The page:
For Self Portrait in Place I made the  quarter  of Paris the canvas and frame for an interactive, dynamic self-portrait/landscape. I settled in the Montmartre neighborhood in June 2020 through May 2021, to be near family during the global pandemic and while undergoing treatment for breast cancer. The self portrait focused on this unique time frame. I exhibited it on 16 May, 2021, the last day of strict COVID restrictions, the end of my chemotherapy,in preparation for my move out of the neighborhood at the end of  May.

Portraits  usually register a moment, even as they record it for posterity. They might get at different aspects of what a subject might "be" by changing costume, light or background. They might be compared and aligned following a time-line to get at the passage of time.  I imagined this scattered self-portrait within the confines of a space that was not just a background, but a place viewers could experience. The aspects of me, the subject, intermingled in diverse ways with the quarter I inhabited during this very particular period. To view "me" viewers walked the same streets as I had through the previous 12 months.

This  self portrait  thus  literally mingles "me" with an actual landscape. It  frames in space and time by my life, but also, by the  regulation  of movement and social life set by the state in response to the pandemic. All of the sites that make up the portrait/parcours are within one kilometer of my home: this corresponded to the limits one could wander without special permission slips during the strictest moments of the lock-down.

Visitors received a map with the addresses of the different parts of the scattered piece.  At each stop the discovered places I had gotten to know, sometimes enlivened with material objects, often  layered  with on-site objects and  digital  slides shows, videos and audio recordings.

Working through the interrelationship of figure and ground across a dynamic, yet sequestered landscape, I came to notice how  attention to nearby surroundings are intensified by restrictions on movement within Paris , among French regions and internationally. As a walked Montmartre’s abandoned streets , usually thronged with tourists, I devised this project  that asks participants to mime  how tourists move  from site to site, taking photographs, perhaps jotting down notes to assemble and record the total experience of the quarter, and of Paris, and document their own being-there. The work grows through the accumulation of  subjective viewpoints and recordings of the viewer/participants, setting the stage for further research.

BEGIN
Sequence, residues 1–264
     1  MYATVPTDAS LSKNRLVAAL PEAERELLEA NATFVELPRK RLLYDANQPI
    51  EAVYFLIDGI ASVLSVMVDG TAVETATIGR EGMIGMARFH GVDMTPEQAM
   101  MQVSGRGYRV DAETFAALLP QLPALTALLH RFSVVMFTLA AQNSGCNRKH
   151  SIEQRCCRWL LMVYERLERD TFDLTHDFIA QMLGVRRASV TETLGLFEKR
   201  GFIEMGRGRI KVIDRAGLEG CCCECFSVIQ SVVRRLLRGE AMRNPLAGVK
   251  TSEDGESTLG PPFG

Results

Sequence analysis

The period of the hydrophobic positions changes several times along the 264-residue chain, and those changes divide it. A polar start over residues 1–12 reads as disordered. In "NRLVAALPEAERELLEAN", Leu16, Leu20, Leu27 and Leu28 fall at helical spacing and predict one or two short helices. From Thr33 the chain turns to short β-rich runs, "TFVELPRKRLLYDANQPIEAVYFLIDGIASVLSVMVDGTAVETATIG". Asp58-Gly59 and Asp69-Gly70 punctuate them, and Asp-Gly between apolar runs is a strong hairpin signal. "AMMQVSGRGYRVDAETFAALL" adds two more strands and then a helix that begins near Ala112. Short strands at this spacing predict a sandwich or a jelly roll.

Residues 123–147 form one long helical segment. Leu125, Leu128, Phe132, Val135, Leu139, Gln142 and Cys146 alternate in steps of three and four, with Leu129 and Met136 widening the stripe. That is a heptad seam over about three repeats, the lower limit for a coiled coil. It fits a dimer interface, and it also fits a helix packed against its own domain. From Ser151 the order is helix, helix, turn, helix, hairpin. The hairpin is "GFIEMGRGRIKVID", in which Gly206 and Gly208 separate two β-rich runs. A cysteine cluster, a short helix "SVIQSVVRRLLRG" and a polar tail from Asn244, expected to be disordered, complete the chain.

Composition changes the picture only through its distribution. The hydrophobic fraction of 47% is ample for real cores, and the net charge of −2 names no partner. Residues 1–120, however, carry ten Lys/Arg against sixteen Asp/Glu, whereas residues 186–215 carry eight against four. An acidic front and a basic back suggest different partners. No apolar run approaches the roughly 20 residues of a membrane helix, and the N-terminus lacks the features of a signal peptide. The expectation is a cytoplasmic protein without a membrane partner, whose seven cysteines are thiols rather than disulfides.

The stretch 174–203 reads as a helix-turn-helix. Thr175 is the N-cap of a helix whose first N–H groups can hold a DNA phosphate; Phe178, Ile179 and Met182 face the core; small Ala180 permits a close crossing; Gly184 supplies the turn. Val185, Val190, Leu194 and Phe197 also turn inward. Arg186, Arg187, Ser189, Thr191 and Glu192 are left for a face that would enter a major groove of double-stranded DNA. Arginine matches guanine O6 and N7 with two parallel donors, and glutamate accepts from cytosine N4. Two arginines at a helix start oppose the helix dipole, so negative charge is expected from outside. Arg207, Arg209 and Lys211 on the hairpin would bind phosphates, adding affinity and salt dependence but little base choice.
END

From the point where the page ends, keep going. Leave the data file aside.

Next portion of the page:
Visitor /contributors reflections on the work will be colored by their knowledge of the bucolic, bloody, artistic history of the neighborhood, a wine-making village at the heart of the Paris commune,  marked indelibly by the symbol of power that is  the Sacre Coeur Cathedral. The walk through the quarter by way of my self portrait will also surly evoke visitors own relationship to the quarter and the city:  life in the housing estates that ring the bottom of the hill , with with its move star mansions, shopping at markets where wares from North and West Africa, Afghanistan and Bangladesh are readily available, or others, like the Saint Pierre market where seamstresses from around the region flock to buy remnants of fabric.

Working within these confines, while exploring "me" in different guises through the eyes of others, the artwork expanded the 'scattered subjects" projects to contemplate questions of time and visibility, surveillance and movement and the body.

Habituellement, les autoportraits sont réalisés seuls, en studio, puis accrochés pour être visionnés dans une exposition ou un musée. J'adopte une approche différente pour ce portrait dans le cadre de mon programme de travail en cours sur les « sujets éparpillés ».

Pour mon portrait, j’inclus l'environnement et le spectateur dans le cadre du processus de composition, qui n'est jamais tout à fait complet, jamais entièrement présent, comme n'importe quel sujet dans une œuvre d'art, ou dans la vie.


Ce travail intègre naturellement les conditions particulières de mouvement restreint et de distanciation sociale au cours des derniers mois pour tout le monde. Il comprend aussi ma découverte et traitement pour un cancer du sein qui a chevauché les mois de pandémie et qui a transformé une visite à Paris en une migration de retour provisoire.

Pour découvrir l’œuvre, visitez les adresses ci-dessous. Prenez la route qui vous convient. Visitez tous les sites, ou seulement certains d'entre eux. Il n'y a pas de chemin « correct ».

J'ai donné un nom à chaque pièce éparpillée ; cela vous aidera à regarder et à écouter les accompagnements en ligne, listés en rouge ci-dessous. La carte, liste des sites, et liens sont aussi fournis dans l'e-mail d'invitation.


Prenez des photos, des notes ou enregistrez vos pensées ou votre itinéraire.  Je les publierai sur le site du projet (de manière anonyme). Votre regard sur les pièces et l'œuvre dans son ensemble aidera à composer l'œuvre au fur et à mesure qu'elle se développe sur le site, puis, dans d'autres lieux et incarnations.